Later this month, SA will be greylisted by the Financial Action Task Force (FATF). This will put the world on alert that SA is a gangster state. Well, I embellish. The FATF’s wording is that greylisted countries have “strategic deficiencies in their regimes to counter money laundering, terrorist financing and proliferation financing”. Proliferation of weapons of mass destruction, that is.
The consequences of greylisting are that other countries must treat SA with a heightened level of suspicion. Several countries require their institutions to apply “enhanced due diligence” of SA counterparts. In practice this means more frequent assessments, requests for more details on sources of funds and procedures, more senior management engagement with foreign counterparts. That is if those counterparts will do business with South Africans at all.
It effectively means transaction costs will go up for SA businesses and individuals — in the form of fees, time of senior management, increased search time for counterparts who will handle SA business and documentation required for compliance. This is certainly bad for growth, though putting specific numbers on it is hard.
I should say, lest I be accused of exaggerating, that the channels that are officially affected will be limited. The impact is going to be on payments through foreign banks, as well as official flows from multilaterals and counterpart governments. There will not be a big impact on portfolio capital flows, for example. But there is also a general reputational impact — one that will be far more expensive than putting SA on the sleeves of a UK football team.
This is going to happen despite a Herculean effort by many in the government and associated regulators to fix the various problems identified by the FATF in its 2021 report on SA.
Representatives of 14 government departments, agencies and the SA Reserve Bank last month all headed off to Morocco for face-to-face meetings with the FATF team that is now drawing up a report on SA’s compliance. That report, together with recommendations, will go into the FATF plenary sitting from February 22 to 24.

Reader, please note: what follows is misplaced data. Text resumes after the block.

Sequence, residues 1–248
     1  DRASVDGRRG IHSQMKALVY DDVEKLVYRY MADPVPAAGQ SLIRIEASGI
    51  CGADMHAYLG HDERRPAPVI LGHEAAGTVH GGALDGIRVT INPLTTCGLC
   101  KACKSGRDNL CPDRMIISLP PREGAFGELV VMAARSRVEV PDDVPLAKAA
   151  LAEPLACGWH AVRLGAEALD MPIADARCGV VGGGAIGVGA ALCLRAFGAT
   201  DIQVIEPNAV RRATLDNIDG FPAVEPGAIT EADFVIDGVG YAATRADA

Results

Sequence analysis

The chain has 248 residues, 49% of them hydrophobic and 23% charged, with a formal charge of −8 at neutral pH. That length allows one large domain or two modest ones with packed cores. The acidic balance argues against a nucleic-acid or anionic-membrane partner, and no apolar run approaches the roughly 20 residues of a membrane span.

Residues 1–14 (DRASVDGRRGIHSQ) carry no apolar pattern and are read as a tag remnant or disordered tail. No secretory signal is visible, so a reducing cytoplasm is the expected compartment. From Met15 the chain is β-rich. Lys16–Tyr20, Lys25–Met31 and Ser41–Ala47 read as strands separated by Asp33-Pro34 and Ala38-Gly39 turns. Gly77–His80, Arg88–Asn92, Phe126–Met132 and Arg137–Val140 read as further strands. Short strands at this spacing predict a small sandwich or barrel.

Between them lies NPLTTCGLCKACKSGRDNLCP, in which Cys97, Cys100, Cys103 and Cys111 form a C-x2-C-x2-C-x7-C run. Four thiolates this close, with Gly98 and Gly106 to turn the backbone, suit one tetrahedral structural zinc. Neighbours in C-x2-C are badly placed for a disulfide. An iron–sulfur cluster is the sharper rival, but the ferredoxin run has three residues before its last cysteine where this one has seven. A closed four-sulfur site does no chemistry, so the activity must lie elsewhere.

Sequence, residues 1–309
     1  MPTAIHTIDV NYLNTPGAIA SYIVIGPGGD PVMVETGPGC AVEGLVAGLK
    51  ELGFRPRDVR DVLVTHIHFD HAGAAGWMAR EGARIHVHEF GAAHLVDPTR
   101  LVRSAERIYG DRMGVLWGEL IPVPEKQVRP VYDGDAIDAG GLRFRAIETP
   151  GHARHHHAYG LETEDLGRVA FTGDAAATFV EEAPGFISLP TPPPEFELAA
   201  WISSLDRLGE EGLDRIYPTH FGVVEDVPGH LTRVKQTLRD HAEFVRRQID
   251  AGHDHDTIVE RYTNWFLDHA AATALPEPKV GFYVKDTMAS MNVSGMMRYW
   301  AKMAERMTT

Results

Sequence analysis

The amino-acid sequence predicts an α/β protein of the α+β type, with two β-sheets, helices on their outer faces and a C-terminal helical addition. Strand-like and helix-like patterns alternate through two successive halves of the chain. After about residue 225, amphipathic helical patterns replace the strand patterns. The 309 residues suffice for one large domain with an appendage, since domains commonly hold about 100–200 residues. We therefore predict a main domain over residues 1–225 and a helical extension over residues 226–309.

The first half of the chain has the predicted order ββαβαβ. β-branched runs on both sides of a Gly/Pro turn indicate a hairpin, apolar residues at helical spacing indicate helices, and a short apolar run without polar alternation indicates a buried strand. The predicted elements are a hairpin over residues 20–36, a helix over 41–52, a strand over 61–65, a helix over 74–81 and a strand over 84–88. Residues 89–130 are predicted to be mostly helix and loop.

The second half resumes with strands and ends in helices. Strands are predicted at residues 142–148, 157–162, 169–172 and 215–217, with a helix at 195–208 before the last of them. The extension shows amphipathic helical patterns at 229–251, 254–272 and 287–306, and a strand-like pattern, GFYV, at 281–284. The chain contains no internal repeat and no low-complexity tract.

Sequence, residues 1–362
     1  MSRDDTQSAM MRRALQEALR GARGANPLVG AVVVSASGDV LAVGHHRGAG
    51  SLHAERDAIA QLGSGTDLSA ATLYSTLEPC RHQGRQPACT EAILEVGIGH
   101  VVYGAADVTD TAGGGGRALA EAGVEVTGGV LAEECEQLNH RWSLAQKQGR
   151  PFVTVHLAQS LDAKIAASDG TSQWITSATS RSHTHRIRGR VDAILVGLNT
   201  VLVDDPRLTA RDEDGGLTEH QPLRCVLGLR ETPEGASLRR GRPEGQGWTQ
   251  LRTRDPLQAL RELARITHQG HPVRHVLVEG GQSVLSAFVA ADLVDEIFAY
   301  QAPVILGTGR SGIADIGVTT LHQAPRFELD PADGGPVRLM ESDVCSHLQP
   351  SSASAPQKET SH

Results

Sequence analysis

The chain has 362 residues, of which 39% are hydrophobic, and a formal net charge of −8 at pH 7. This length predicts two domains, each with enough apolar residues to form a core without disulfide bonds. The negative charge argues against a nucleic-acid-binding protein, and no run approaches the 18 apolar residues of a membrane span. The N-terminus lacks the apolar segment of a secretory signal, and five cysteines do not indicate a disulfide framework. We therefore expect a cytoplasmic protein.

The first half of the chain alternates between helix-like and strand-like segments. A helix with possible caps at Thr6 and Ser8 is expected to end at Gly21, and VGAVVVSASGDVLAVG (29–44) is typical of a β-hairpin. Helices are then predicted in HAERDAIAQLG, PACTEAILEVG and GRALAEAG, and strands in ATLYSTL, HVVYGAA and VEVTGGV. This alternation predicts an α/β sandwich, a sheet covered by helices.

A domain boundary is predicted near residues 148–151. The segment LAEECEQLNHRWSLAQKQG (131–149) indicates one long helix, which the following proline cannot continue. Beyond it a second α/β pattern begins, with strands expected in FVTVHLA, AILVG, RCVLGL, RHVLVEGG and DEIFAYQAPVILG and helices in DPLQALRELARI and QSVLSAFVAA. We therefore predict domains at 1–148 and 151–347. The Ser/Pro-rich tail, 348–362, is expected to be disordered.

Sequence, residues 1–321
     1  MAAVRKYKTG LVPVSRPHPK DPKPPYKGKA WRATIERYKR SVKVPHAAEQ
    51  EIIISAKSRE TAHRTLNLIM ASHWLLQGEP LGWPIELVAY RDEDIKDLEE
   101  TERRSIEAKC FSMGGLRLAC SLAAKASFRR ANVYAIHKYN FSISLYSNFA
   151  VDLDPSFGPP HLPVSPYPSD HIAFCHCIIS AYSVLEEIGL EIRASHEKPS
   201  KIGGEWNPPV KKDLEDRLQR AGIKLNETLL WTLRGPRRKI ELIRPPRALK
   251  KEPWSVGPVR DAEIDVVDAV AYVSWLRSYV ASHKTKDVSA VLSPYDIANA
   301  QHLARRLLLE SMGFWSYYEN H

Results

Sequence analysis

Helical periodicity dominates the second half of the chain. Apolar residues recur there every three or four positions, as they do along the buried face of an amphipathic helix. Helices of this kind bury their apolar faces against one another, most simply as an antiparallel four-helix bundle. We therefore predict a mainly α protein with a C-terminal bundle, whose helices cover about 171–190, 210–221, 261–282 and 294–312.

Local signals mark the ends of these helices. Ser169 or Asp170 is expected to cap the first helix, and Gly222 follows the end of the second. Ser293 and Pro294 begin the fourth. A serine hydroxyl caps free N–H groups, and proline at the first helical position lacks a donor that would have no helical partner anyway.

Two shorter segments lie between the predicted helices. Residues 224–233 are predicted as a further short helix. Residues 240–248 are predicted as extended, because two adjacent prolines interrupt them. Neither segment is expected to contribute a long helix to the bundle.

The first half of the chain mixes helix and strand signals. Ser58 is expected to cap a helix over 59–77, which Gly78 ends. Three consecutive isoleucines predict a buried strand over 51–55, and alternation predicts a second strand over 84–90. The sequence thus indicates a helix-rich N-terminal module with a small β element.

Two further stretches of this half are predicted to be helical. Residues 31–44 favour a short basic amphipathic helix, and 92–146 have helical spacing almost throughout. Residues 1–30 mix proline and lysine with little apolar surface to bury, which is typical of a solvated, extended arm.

The delegation aimed to convince that the progress made in complying with FATF requirements is sufficient. It could point to achievements like passing two omnibus bills that amend various pieces of legislation to bring SA into line with the FATF’s technical requirements. It could also point to the nearly 30 prosecutions that have been launched regarding state capture, and efforts to extradite Eskom executives and the Guptas to face justice.
The problem, which I have argued since the prospect of greylisting emerged, is that it will not be enough to convince the FATF that there is effective enforcement of money laundering and terrorist financing law. There just aren’t enough people being put into jail.
While state capture has put the spotlight on corruption and money laundering, terrorist financing is a big concern of foreign counterparts. In 2022 the US treasury department added Durban-based Farhad Hoomer to its list of sanctioned individuals and named him as head of an Islamic State cell. He has been arrested twice before by SA police, the last time in possession of 5,000 rounds of ammunition, various guns and a cellphone jammer. The first time was in 2018 after a murderous attack on a mosque and the discovery of several bombs. But both cases were dropped over procedural failures. It is the sort of example that buries our case.
The FATF issue is now diplomatic because it is ultimately governments that will be voting at that plenary. It was on the agenda when US treasury secretary Janet Yellen visited last month. The official announcement that followed was an agreement to co-operate on chasing down the proceeds from the illegal wildlife trade, which, while important, seems beside the point.
But read the press release carefully and it is clear that the agreement sets up formal co-operation between the US’s Financial Crimes Enforcement Network, and the SA Anti-Money Laundering Integrated Task Force (Samlit). These are platforms for all relevant agencies under the leadership of the countries’ respective financial intelligence services. Though wildlife crime is the official target, you can be sure that the co-operation will extend beyond that.
Of course, it goes without saying that the visit of Russian foreign minister Sergei Lavrov, who is officially sanctioned by the US treasury, a few days before Yellen, would hardly have helped the diplomatic effort.
The challenge SA faces is how to get off the greylist as fast as possible. The plenary will provide detailed guidance on what still needs to be done. SA can request a reassessment within 18 months. We will need to be determined to escape the list as soon as possible.